With the U.S. midterm elections just about two months away, boots and suits came together in Austin last weekend for the 4th annual Texas Tribune Festival (#tribunefest). The Texas Tribune, the speakers and all participants turned to Twitter for the conversation, capturing all the hoots and hollers from beginning to end.
From heated discussions about same-sex marriage to 2016 presidential predictions, this gathering is truly a political junkie’s dream –– it’s been called a “Woodstock for wonks.” Thousands of people gathered at the @UTAustin campus to hear local, state and federal officials debate the state and nation’s most critical issues, and Twitter and Vine connected the politicians with their constituents, both onstage and behind the scenes.
Throughout #tribunefest, @TexasTribune shared photos from a Twitter Mirror, giving fans a backstage pass to notable speakers before they took the stage:
Additionally, these candidates and elected officials took some time to peruse the new Twitter Government and Elections Handbook for additional Twitter tips, best practices and creative moments.
The gathering was highly interactive: Not only was the Twitter audience able to view the speakers via the Twitter Mirror before they hit the stage; they could also share their own takes on the event and have them displayed around the venue:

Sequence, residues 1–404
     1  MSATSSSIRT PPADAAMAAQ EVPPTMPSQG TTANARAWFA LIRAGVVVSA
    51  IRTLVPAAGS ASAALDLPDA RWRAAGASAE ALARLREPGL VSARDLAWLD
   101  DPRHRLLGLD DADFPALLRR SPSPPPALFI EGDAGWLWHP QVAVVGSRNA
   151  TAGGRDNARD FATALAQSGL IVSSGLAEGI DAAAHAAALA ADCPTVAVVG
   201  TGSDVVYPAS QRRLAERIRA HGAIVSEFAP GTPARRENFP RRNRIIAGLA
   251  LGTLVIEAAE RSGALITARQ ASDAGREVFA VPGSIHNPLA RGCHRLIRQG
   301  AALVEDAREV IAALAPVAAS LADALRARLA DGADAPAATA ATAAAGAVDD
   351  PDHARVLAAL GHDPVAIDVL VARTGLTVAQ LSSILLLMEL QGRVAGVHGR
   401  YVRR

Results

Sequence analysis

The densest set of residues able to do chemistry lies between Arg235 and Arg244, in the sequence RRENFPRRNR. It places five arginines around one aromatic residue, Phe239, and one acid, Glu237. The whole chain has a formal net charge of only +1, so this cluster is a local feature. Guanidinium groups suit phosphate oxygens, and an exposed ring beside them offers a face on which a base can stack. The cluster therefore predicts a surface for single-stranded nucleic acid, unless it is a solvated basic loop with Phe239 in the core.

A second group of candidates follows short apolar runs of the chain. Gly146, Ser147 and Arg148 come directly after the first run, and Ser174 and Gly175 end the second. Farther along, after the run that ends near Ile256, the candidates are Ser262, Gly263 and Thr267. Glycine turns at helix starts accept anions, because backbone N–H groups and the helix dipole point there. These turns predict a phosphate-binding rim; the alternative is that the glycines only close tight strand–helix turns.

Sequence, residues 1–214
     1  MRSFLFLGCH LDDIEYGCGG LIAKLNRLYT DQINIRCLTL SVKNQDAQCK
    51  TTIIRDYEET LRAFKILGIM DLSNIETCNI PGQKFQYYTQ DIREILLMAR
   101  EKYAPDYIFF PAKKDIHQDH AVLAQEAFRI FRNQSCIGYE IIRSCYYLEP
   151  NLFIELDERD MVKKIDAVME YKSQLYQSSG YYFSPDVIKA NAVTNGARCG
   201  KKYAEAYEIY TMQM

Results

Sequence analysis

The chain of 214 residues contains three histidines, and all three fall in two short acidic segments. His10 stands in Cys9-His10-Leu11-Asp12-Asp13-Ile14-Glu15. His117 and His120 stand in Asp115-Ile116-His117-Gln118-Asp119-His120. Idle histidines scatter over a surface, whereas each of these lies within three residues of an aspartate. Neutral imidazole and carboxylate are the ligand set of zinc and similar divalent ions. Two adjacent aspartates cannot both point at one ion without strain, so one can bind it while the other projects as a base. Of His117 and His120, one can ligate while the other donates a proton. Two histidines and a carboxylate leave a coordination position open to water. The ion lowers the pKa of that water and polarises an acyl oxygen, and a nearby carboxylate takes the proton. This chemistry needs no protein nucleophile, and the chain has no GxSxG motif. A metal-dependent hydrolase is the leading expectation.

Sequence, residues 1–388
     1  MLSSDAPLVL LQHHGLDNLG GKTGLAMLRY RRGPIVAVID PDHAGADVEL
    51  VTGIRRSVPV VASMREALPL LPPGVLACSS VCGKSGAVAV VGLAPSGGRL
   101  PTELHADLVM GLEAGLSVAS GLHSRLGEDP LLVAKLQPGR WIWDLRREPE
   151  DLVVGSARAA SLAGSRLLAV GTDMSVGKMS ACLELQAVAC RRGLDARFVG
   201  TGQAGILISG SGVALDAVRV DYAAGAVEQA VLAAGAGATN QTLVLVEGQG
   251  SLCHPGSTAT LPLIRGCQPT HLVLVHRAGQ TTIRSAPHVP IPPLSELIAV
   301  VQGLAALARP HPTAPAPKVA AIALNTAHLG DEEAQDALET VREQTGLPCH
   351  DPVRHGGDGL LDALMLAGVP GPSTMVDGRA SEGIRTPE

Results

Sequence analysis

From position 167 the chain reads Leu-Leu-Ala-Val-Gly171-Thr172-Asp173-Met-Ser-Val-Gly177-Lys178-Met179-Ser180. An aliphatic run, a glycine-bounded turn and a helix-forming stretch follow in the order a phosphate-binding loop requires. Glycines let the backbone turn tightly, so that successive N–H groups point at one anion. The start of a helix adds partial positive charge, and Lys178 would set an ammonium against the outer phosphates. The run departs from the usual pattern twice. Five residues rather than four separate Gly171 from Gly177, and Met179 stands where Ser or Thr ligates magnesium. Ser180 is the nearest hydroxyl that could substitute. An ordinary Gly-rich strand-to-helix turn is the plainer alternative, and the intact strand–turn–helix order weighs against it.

Many speakers and moderators built on these themes of interactivity and transparency even further, encouraging their followers and the rest of the Twitter audience to propose questions and conversation topics using the hashtag #tribunefest.
Live-Tweeting, a best practice for such events, was consistently done throughout the festival — not just by attendees but by speakers and moderators too. These moments were shared on Twitter (and on the many screens around the space. The biggest topics of conversation were captured here:
And representing a new generation of political wonks, student Tweeters:
Even when the panels ended, the conversation continued on Twitter. Conference-goers not only discussed the issues, but had opportunities to connect with the speakers directly. From measuring the real-time reaction of the crowd to bringing the audience closer to the high-level government and political officials, Twitter was clearly the place to be during #tribunefest.